3. Lotus*

      Yeah – doesn’t Phil need to be disciplined or let go because of his behavior? It’s not just up to Diane, he could do this to other Black/minority employees as well. It’s unacceptable.

    4. Green Beans*

      Yes, that was my thought. This is an opportunity to get zero-tolerance policies in place for aggressive/violent actions.
      And it’s easy to redirect from Diane – “This isn’t about a singular incident; this is about policies that any public-facing/customer-service based organization needs.”

    5. LabTechNoMore*

      I was wondering about this too. I’ve been in a situation where a coworker was harassing me because of my race/religion/nationality (yes, all three), and my boss just asked me what I wanted him to do about it. I don’t really feel comfortable telling a manager how to do their job, and particularly not for a difficult management decision like this. At one point he literally asked me if he should fire the guy (because I really want to be the person that got my coworker fired!). I really shouldn’t be doing the manager’s job for him, and was resentful of being put in that position.

    6. Robert*

      Yeah I think #4 isn’t great advice at all because “don’t act unless the aggrieved party gives their consent” seems far more likely to entrench discriminatory practices in the long run. If I as a minority was told by a manager that there were problems with discrimination in the past that weren’t dealt with because they wanted to respect the agency of another employee to not deal with it, I’d be livid, and probably assume that the manager is bullshitting to cover up their laziness/inaction at best, or actively protect their bigoted colleagues.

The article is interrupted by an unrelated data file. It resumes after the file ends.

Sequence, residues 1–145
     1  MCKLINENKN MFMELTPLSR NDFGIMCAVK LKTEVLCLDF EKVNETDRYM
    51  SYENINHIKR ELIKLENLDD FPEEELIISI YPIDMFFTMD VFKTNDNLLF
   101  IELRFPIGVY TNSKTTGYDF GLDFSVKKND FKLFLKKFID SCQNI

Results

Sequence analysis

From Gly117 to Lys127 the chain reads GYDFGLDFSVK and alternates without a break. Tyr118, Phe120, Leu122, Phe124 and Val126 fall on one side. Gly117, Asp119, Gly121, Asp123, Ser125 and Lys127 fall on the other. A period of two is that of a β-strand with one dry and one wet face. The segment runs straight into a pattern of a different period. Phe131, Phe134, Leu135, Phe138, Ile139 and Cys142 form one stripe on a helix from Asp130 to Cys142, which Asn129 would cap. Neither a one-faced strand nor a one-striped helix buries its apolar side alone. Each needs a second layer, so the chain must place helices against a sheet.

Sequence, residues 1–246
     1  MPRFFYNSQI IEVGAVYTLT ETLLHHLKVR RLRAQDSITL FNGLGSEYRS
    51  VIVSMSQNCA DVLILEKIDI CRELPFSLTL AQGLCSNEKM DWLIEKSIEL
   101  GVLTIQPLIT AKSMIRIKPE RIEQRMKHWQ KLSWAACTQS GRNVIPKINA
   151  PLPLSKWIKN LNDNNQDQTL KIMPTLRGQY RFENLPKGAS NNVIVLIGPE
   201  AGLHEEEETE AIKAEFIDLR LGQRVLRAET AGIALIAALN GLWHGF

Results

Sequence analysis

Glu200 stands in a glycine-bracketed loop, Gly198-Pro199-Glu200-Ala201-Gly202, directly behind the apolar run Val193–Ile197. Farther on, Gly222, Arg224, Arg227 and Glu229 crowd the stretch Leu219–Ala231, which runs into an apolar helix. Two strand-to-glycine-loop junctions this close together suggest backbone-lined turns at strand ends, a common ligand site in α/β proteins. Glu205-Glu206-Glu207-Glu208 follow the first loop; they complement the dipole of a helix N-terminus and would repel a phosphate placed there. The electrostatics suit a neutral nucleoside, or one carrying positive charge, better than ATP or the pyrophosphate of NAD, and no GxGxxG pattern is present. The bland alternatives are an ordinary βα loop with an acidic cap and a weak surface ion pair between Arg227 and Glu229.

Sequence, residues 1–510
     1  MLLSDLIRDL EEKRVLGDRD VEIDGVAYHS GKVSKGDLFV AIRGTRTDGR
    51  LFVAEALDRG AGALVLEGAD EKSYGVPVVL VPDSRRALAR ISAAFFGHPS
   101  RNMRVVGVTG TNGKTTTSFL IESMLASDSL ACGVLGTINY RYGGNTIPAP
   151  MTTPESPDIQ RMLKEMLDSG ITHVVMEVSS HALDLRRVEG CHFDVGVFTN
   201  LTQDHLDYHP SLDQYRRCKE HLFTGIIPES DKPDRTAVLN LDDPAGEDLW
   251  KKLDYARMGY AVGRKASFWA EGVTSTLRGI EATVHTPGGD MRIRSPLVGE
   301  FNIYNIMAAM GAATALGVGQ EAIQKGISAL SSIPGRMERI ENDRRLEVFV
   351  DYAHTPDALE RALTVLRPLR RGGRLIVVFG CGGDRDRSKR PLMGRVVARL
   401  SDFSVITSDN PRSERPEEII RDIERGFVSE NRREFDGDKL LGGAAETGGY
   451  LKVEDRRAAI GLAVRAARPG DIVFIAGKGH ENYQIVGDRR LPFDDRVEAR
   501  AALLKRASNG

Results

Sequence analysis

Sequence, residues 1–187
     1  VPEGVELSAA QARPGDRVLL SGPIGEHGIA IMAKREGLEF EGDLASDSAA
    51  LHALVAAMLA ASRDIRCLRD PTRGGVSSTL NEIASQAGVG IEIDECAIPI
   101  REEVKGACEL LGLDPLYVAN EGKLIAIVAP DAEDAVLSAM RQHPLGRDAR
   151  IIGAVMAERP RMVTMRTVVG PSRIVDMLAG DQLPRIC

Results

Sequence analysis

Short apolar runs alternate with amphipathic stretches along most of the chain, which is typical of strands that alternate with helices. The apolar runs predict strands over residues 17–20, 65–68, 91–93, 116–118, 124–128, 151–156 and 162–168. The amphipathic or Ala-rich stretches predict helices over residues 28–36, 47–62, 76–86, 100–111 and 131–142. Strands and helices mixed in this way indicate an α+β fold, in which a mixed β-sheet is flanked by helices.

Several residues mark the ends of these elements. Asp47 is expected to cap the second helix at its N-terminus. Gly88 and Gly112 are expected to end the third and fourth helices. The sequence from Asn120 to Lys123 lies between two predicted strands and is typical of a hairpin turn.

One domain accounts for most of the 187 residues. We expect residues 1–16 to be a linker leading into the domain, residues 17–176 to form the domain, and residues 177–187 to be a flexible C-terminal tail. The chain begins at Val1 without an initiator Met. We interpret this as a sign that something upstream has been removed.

1. tinyhipsterboy*

        The problem with that is, if Diana has already specifically said they don’t want to go further with it and then LW does, that could end up with even *more* racist blowback on Diana. Escalating it would likely not backfire on the LW (being non-Black), but on Diana herself. Black women being seen as difficult, as angry, as unwilling to let go of things, as playing the “race card” are all stereotypes that are used to denigrate Black women and push back on them when they stand up for themselves.

        Approaching it as solely a “this happened to an employee after a customer lashed out” thing could still end up centering Diana since she was the one involved in the incident, too, but at least it’s a way to de-center her and focus on the incident itself. I get what you’re saying about other BIPOC being frustrated with a lack of action–I would be myself–but pushing back after being explicitly asked not to may very well end up causing even more difficulty for Diane as the sole Black employee. We don’t know if Diane has tried to bring up the racism in the past, but if she has, she could have come to the conclusion that change isn’t possible at this time (whether due to a specific higher-up, blowback on her, weird policies) and/or be exhausted from trying at all.